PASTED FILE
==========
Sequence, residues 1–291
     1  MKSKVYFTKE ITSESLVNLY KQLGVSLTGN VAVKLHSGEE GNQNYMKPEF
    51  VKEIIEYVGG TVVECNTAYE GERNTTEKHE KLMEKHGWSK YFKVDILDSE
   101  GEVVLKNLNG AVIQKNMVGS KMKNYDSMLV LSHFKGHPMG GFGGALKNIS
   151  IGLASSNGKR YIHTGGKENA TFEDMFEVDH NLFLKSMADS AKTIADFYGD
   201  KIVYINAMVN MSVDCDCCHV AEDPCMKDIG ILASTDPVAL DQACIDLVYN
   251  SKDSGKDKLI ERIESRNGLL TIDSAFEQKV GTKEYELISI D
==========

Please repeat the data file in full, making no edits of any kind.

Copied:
Sequence, residues 1–291
     1  MKSKVYFTKE ITSESLVNLY KQLGVSLTGN VAVKLHSGEE GNQNYMKPEF
    51  VKEIIEYVGG TVVECNTAYE GERNTTEKHE KLMEKHGWSK YFKVDILDSE
   101  GEVVLKNLNG AVIQKNMVGS KMKNYDSMLV LSHFKGHPMG GFGGALKNIS
   151  IGLASSNGKR YIHTGGKENA TFEDMFEVDH NLFLKSMADS AKTIADFYGD
   201  KIVYINAMVN MSVDCDCCHV AEDPCMKDIG ILASTDPVAL DQACIDLVYN
   251  SKDSGKDKLI ERIESRNGLL TIDSAFEQKV GTKEYELISI D